GRATING sound in the joint
OSTEOARTHRITIS, also known as degenerative joint disease or "wear and tear" arthritis, is the most common form of arthritis.
It is characterised by the breakdown of cartilage, which cushions the bone ends and its underlying bone within a joint, as well as bony overgrowth.
It is most prevalent in adults with increasing age and occurs mainly after age 40. Women suffer more from osteoarthritis than men, especially after 50 years old.
Osteoarthritis can damage any joint, but mainly affects the hands, neck, lower back, hips, knees, and foot. It is one of the leading causes of disability among older adults.
The risk factors for developing osteoarthritis can be modifiable and non-modifiable. The modifiable factors include excess weight; joint trauma from sports, work or accidents; occupation that entails lots of mechanical stress such as heavy lifting, bending of joints, repetitive actions seen in labourers, farmers, construction workers; lack of exercise; depression; other chronic illnesses such as diabetes mellitus, hypothyroidism or gout; estrogen deficiency, osteoporosis; and people with weak muscles or defective cartilage, joint and bone deformities.
The non-modifiable factors are increasing age, and gender, race, and genetic predisposition.
Signs and symptoms
The signs and symptoms are mainly pain at rest or with movement, tenderness, swelling, locking, joint effusion, loss of flexibility, and joint stiffness, especially after periods of inactivity like sleeping.
The symptoms worsen with time as the protective cartilage that enables smooth movement of the bones in the joint wears down. Gradually bones start to rub over bone during movement, often creating a grating sound.
Diagnosis is based on the symptoms and signs that are reported, the examination of the joint and the features seen on a radiograph after an X-ray is done. These include joint space narrowing, new bone formation, subchondral sclerosis or increased bone density, and bone cysts.
Although not routinely requested, a Magnetic Resonance Image (MRI) is able to show details of the bone and soft tissue in the joint. Blood tests may be done to exclude other causes of arthritis, and joint fluid tests may be done after removal of excess fluid from the joint to help reduce pain and improve movement. Analysing this fluid also confirms that other causes and infection are not present.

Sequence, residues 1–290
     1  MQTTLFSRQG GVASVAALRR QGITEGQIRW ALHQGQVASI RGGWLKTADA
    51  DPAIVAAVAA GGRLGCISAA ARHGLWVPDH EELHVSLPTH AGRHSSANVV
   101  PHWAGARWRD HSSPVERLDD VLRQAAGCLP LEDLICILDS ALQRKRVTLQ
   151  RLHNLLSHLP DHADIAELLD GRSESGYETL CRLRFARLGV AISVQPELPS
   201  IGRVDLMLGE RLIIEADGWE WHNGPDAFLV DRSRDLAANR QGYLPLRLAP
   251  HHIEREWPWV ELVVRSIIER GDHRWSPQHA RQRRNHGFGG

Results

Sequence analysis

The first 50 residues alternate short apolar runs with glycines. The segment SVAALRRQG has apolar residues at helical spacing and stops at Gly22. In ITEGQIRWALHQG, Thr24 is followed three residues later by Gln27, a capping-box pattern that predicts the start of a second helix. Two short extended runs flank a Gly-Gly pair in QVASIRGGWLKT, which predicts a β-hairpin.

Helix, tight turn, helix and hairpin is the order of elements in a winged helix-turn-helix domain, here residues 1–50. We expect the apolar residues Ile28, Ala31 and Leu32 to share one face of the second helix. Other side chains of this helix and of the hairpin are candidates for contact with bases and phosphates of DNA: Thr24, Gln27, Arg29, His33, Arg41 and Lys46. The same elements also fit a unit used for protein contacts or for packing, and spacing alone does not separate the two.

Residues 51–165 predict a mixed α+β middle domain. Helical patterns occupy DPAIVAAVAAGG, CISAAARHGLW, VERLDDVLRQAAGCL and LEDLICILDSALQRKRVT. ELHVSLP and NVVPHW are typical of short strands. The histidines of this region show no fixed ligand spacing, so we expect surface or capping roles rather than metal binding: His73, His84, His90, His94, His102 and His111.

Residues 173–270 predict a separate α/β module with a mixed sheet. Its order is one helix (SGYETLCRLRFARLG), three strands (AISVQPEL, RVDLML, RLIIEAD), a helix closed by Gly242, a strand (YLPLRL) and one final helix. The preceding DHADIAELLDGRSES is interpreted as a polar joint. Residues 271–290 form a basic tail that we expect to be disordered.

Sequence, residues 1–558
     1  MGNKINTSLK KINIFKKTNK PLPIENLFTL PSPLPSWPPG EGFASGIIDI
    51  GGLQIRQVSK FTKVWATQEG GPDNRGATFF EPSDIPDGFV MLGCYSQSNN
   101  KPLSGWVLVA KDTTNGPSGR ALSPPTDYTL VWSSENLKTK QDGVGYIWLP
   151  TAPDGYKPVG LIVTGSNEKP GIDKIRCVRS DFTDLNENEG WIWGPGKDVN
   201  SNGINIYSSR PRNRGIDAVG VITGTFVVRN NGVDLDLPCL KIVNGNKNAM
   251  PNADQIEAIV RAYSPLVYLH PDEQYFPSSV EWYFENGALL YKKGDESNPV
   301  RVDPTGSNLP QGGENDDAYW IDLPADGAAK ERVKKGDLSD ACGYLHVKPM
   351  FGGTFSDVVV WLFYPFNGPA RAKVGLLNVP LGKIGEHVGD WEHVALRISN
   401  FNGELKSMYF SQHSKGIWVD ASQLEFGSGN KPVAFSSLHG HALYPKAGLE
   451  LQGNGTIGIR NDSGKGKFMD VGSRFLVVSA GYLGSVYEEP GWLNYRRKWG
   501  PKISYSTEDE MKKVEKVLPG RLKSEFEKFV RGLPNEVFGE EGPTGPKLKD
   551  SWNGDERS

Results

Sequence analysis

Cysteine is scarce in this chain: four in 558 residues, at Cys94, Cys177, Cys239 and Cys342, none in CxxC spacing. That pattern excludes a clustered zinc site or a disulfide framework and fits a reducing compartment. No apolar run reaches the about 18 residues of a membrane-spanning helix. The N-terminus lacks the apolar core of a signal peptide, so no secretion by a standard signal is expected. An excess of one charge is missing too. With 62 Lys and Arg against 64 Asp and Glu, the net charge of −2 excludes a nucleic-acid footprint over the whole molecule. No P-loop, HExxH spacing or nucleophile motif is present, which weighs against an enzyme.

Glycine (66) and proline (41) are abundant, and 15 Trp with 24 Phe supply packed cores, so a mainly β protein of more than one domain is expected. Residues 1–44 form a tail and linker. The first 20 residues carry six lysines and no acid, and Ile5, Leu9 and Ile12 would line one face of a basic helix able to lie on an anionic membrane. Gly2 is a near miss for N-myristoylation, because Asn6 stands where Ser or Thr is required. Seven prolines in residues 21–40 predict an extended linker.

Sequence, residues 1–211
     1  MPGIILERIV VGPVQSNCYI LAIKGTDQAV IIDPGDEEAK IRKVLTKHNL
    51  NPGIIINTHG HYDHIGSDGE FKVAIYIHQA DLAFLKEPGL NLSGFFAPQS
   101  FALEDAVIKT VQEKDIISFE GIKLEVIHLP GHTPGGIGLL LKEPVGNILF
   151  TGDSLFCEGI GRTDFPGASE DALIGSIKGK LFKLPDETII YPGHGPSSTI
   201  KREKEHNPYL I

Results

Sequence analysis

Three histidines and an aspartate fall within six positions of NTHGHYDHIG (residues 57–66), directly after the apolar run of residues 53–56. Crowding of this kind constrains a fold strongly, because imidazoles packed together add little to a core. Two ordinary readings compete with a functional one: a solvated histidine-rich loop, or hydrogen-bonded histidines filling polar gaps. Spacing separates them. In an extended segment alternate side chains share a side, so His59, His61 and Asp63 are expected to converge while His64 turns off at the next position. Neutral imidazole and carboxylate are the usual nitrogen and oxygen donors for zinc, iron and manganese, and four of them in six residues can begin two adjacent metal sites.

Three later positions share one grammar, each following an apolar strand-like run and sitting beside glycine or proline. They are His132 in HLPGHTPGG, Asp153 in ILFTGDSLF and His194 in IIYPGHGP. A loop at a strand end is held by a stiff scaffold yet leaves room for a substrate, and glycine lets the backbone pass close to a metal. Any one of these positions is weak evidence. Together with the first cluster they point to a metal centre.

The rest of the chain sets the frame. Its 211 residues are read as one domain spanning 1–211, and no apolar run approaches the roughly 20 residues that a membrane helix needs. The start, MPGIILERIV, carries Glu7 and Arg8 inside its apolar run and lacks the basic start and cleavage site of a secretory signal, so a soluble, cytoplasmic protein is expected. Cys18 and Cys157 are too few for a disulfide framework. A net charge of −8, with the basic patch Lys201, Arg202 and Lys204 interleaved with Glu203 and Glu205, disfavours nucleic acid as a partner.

No cure exists at this time for osteoarthritis, however, treatment is available to relieve the symptoms and slow the progression of the disease so that quality of life and function can be unaffected or improved.
Patients and family members can be educated to effect changes in behaviour that promotes the disease. Treatment also includes physical therapy to strengthen the muscles around the joint, increase the joint flexibility and reduce the pain; weight control; braces splints or shoe inserts to help relieve weight off the joint; and medication such as acetaminophen (panadol), non-steroidal anti-inflammatory drugs and narcotics. Topical creams and gels with painkillers added are also available to rub the skin over the joint.
The orthopedic surgeon may also discuss cortisone joint injections, injecting similar components to joint fluid within the joint and realigning bones, if applicable.
Complimentary therapies such as acupuncture, herbal therapy, yoga and tai chi, and nutritional supplements have also been used in managing osteoarthritis with varying success reported.
If conservative management fails, the orthopedic surgeon will discuss joint replacement. This is where the damaged joint, usually hip or knee, is replaced with prostheses.
Dr Romayne Edwards is a consultant emergency physician at the University Hospital of the West Indies and an associate lecturer at the University of the West Indies.